Why did Lucille Gauthier die? One woman in Terrebonne is first focus of coroner's CHSLD inquiry
MONTREAL -- Lucille Gauthier's family believes she didn't die of COVID-19, but after starving and being dehydrated when caretakers were kept from entering care homes like hers druing the first wave, even while it was severely short-staffed.
The Quebec coroner’s inquiry into Gauthier’s residence, CHSLD des Moulins de Terrebonne, which is overseen by the Arbec Health Group, began on Monday.
Lawyer Géhane Kamel heard first from managers of the regional health board for Lanaudiere (CISSS), to which the CHSLD reports.
Dr. Lynda Thibeault, who is the interim director of public health at the CISSS, said that her team was investigating an outbreak in another CHSLD of the Arbec Health group, the Émile-McDuff establishment, when she realized that some of the employees were also working at the CHSLD des Moulins.
When employees started showing symptoms, Thibeault said it was difficult to get a list of workers to screen. The manager of the two outbreak sites was in administrative segregation and “communication was difficult,” she said.
In an outbreak situation, “deadlines are important,” she said.
However, the CHSLD des Moulins was not considered a problematic establishment at the time, according to Daniel Castonguay, former CEO of the CISSS de Lanaudière.
The problems at Moulins were found throughout the region, even before the pandemic: a shortage of staff.
Under provincial COVID-19 regulations during the first wave, family caregivers were not allowed to enter the home.
Lawyer Patrick Martin-Menard, who is representing the Gauthier family, says “family caregivers played a fundamental role in helping to give basic health care to many residents" at the time.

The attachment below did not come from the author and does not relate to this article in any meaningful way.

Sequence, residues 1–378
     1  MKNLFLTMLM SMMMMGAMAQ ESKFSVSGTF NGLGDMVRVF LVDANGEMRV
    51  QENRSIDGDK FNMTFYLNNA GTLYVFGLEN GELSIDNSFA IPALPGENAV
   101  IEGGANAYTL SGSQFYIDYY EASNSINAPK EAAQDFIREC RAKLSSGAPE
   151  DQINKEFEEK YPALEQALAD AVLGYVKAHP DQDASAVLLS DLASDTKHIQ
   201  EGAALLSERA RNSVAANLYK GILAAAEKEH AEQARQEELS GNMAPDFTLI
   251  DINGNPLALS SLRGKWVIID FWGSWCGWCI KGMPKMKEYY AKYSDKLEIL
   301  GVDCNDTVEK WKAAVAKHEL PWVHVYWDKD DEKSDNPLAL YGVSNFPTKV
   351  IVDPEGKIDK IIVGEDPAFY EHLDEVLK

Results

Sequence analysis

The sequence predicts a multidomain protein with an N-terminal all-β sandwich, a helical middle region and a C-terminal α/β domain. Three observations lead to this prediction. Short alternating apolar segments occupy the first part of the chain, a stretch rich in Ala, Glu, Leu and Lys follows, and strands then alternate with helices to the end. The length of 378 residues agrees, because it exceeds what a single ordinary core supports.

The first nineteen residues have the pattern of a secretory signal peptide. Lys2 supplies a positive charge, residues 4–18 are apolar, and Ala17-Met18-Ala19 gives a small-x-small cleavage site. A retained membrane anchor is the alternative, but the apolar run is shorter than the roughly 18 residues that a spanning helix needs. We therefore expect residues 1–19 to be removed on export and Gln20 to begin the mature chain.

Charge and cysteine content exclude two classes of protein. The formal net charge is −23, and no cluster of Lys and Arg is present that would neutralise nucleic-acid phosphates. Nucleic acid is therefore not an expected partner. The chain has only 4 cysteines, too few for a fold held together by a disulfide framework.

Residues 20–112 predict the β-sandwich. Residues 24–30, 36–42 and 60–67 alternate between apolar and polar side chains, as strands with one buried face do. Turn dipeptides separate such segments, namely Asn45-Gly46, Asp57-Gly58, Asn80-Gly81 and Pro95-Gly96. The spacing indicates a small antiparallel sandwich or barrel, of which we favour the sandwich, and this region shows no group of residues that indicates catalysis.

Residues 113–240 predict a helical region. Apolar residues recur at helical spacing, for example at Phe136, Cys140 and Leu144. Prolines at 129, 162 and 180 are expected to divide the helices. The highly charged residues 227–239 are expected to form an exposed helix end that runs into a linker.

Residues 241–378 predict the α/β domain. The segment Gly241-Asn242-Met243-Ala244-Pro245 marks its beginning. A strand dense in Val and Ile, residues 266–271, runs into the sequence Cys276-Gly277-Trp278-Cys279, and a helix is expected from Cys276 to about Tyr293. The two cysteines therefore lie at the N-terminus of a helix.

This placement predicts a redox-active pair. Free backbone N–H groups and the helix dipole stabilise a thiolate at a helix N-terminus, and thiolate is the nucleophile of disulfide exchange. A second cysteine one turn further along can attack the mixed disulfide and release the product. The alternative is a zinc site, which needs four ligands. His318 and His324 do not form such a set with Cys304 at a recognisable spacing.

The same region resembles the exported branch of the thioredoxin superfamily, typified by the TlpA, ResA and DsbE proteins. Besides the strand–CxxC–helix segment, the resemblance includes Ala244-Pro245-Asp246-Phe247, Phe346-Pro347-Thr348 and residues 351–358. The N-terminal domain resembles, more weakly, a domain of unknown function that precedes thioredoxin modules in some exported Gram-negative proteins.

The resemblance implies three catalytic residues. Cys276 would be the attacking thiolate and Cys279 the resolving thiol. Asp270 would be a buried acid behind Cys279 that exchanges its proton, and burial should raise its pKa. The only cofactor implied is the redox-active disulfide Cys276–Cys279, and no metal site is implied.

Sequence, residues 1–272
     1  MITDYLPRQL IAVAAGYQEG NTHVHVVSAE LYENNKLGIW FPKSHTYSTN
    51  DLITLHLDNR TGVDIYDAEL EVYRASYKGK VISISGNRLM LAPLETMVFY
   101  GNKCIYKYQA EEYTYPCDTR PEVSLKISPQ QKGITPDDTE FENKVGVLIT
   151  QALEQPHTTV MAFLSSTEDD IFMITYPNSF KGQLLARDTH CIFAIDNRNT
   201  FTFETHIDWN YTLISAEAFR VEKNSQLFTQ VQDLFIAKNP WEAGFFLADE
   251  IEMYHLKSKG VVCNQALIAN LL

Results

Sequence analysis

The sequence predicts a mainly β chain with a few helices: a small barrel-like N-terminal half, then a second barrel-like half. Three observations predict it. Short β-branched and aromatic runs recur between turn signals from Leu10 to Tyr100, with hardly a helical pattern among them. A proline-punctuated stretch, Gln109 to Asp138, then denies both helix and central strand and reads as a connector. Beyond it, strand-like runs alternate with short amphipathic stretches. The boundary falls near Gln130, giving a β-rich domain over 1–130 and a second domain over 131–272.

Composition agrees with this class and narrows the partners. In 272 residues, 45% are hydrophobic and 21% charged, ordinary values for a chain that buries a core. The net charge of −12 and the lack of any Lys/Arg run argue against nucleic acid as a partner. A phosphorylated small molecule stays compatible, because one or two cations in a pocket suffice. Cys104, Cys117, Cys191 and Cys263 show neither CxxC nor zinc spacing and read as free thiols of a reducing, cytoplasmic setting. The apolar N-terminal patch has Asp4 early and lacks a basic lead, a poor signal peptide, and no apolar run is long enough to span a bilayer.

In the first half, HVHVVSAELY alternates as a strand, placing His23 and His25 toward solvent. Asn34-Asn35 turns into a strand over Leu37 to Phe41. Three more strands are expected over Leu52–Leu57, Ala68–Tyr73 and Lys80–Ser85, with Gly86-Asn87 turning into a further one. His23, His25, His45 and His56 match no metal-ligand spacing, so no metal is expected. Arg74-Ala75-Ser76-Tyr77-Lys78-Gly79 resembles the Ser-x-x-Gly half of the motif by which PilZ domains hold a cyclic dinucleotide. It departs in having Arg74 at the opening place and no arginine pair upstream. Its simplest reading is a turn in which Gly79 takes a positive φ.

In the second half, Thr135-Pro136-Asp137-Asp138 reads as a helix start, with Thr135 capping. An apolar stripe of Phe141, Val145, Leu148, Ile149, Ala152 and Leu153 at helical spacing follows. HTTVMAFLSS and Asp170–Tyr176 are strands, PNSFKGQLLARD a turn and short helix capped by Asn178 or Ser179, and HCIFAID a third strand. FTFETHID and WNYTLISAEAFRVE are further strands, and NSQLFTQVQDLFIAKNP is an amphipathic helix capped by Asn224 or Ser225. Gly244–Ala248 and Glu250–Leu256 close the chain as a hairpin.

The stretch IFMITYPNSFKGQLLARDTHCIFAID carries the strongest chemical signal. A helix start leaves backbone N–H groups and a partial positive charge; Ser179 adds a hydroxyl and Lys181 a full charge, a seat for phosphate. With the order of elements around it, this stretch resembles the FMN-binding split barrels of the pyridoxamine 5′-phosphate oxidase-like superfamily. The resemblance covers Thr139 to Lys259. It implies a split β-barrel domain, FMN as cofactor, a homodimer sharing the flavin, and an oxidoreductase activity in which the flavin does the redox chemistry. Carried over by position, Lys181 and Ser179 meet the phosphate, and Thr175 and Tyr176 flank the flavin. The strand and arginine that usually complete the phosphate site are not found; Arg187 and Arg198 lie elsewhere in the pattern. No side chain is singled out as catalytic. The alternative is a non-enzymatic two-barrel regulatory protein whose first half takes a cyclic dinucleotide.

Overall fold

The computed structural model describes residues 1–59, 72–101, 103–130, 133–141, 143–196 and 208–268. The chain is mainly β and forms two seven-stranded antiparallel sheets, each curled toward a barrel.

"So, this decision to prevent them abruptly from going in led to some very severe deprivation of basic health care for some residents."
He said that there wasn't enough preparation from the province.
"Even when the threat appeared in January and February, preparations and protections of CHSLDs were taken very lightly until early to mid March, when we suddenly went into a crisis mode," he said.
"Even as we went into a crisis mode, the CHSLDs were a bit of the blind spot of the government in terms of the planning."
At the hearing, Castonguay said the CISSS intervened in the affairs of the care home on several occasions because the managers were not always on site, and directives were not put in place quickly enough.
We even offered to take control of the premises, said Mr. Castonguay, an offer refused by the Arbec group.
The inquiry also includes one private home, the Manoir Liverpool in Lévis. The other CHSLDs are René-Lévesque in Longueuil, the Laflèche in Shawinigan, Sainte-Dorothée in Laval, Yvon-Brunet in Montreal and Herron in Dorval.
Only deaths that occurred between March 12 and May 1, 2020 are included in the inquiry, and the inquiry was meant specifically to look at those that arose from "inhumane conditions," for a certain reason.
"Coroners intervene in cases of violent, obscure or potentially negligent deaths. Deaths that occur outside of these areas, including those resulting solely from coronavirus infection, are not investigated by coroners," the coroner's office said.
Class action lawsuits have been filed against CHSLD Herron and CHSLD Sainte-Dorothée, alleging negligence on the part of their residents. These class actions have not yet been authorized by a judge, a necessary step before they can proceed.
The province's ombudsman has also indicated that she will investigate deaths in seniors' residences during the pandemic.
Coroner's inquests are not intended to find fault for the deaths, but rather to make recommendations to prevent future ones.
--With files from The Canadian Press